Sunday, September 24, 2023
HomeAnimalsExtremely Rare Yellow Penguin Captured In Stunning Once-In-A-Lifetime Photos

Extremely Rare Yellow Penguin Captured In Stunning Once-In-A-Lifetime Photos

A wildlife photographer has posted a once-in-a-lifetime shot of a “never before seen” yellow penguin.

Yves Adams, a Belgian landscape and wildlife photographer, discovered the very unusual king penguin with bright yellow plumage rather of the normal black feathers.

All while directing a two-month photographic trip in Antarctica and the South Atlantic.

The party stopped on a South Georgia island to photograph a colony of around 120,000 king penguins.

Adams was transporting some safety equipment and food into Salisbury Plain when he spotted the peculiar picture. A penguin with such vivid yellow plumage.

“I had never seen or heard of a yellow penguin. There were 120,000 birds on that beach, and this was the only one that was yellow.”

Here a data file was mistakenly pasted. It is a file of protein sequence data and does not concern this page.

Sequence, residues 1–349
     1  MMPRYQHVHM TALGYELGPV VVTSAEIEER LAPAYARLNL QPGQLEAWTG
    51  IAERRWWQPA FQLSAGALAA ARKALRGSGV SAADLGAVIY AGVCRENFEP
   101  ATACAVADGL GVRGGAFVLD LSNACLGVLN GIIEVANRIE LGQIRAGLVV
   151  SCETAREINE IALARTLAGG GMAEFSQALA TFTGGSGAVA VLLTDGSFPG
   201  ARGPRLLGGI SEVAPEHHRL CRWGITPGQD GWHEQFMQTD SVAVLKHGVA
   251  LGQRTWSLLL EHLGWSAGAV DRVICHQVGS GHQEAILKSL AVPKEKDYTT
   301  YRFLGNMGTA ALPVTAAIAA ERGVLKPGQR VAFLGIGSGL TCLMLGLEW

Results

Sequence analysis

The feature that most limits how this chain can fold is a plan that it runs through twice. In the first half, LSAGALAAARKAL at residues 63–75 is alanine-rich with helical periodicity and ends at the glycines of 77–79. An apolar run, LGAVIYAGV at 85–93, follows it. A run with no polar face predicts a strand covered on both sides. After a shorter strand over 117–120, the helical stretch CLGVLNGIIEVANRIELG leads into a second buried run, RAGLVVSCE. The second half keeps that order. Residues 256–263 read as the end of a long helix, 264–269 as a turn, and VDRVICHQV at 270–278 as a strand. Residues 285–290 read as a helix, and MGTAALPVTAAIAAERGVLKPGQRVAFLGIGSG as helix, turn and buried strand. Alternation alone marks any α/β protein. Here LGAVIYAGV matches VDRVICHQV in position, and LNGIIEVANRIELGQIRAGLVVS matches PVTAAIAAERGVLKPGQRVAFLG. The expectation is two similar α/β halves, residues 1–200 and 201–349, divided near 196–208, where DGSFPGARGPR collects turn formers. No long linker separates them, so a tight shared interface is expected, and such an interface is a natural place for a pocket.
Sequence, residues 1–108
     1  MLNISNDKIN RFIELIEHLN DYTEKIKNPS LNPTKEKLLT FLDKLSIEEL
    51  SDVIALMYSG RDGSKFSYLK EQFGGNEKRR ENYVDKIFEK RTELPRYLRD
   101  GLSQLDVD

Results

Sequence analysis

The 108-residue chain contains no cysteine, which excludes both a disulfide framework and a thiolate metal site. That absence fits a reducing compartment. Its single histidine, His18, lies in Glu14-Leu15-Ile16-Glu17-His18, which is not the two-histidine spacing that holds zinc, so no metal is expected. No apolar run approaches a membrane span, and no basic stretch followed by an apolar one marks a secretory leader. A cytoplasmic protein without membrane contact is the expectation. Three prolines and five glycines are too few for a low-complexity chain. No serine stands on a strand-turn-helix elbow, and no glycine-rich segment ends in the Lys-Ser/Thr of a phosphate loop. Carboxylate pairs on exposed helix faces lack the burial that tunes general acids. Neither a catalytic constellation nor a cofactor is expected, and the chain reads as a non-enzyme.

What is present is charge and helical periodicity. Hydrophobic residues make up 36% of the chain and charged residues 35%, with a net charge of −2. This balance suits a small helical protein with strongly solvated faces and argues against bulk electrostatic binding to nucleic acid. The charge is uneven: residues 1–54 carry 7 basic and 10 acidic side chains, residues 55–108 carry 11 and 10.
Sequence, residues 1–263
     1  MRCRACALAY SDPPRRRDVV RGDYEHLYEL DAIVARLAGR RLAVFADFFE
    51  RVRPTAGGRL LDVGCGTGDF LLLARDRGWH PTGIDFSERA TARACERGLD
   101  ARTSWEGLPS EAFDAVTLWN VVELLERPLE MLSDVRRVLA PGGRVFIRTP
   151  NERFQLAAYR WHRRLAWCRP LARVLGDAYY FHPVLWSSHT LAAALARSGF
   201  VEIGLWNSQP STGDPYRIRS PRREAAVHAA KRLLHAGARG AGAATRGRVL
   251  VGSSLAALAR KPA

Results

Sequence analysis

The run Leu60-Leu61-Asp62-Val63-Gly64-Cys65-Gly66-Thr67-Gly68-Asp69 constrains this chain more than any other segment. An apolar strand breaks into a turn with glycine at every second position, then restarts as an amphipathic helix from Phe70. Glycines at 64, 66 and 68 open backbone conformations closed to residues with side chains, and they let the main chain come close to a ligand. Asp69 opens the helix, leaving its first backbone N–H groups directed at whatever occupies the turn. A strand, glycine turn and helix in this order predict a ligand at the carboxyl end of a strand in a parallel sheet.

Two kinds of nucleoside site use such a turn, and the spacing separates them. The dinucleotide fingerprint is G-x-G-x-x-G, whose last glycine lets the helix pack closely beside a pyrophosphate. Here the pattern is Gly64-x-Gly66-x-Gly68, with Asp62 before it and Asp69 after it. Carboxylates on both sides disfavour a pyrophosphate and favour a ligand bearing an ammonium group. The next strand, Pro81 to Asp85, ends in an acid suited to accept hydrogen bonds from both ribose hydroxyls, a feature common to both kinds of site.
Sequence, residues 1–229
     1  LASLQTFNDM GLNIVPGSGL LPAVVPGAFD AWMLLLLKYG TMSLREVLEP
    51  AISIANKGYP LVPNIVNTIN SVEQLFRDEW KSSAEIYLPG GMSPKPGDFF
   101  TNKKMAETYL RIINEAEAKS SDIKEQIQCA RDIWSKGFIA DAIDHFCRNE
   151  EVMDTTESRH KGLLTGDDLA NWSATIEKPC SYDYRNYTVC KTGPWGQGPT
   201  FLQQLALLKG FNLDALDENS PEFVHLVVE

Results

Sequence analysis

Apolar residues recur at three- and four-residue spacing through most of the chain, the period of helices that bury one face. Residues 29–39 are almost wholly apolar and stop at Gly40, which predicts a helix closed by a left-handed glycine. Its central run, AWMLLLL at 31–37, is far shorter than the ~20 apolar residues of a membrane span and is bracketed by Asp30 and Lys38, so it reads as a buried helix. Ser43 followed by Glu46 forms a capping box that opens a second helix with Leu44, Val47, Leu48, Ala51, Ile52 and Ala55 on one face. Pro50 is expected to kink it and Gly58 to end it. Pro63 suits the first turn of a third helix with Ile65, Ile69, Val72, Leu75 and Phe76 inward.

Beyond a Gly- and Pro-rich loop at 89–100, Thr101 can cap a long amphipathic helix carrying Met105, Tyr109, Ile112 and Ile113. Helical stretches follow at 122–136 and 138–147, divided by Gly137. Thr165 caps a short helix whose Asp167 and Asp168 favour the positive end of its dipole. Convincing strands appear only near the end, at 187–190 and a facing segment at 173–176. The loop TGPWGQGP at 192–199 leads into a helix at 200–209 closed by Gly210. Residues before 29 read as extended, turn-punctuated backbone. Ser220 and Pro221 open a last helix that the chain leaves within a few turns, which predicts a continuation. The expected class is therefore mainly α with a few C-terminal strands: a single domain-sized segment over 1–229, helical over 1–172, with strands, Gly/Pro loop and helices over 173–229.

Fortunately for the cameras, the nearly tropical-looking penguin had landed nearby on the beach. As a result, they had an unimpeded view of it due to the sea of penguins and seals in the region.

“We were very fortunate that the bird landed just where we were,” recalls the photographer. “Our view wasn’t obstructed by a swarm of enormous creatures. Because of them all, it’s nearly difficult to move on this beach.”

“It was a miracle that he landed near us. We would not have been able to see this display if it had been 50 meters distant.”

The penguin’s unique yellow plumage is caused by leucism, which causes pigmentation loss. It is comparable to albinism, except that the animal retains part of its pigments.

“It’s a leucistic penguin,” Adams explains. “Because its cells no longer produce melanin, its black feathers have turned this yellow and milky tint.”

Scientists discovered that the yellow pigment present in penguin feathers is chemically unique from all other compounds known to color feathers.

“Penguins employ the yellow pigment to attract mates, and we strongly assume that the yellow chemical is created inside,” says Smithsonian Insider researcher Daniel Thomas.

“[It’s] unique from any of the five recognized classes of bird plumage pigmentation and indicates a novel sixth class of feather pigment. The chemical, as far as we know, is unlike any of the yellow pigments present in a penguin’s diet.”

In this example, it’s unclear if the penguin’s yellow hue is appealing or repellent to the opposing sex.

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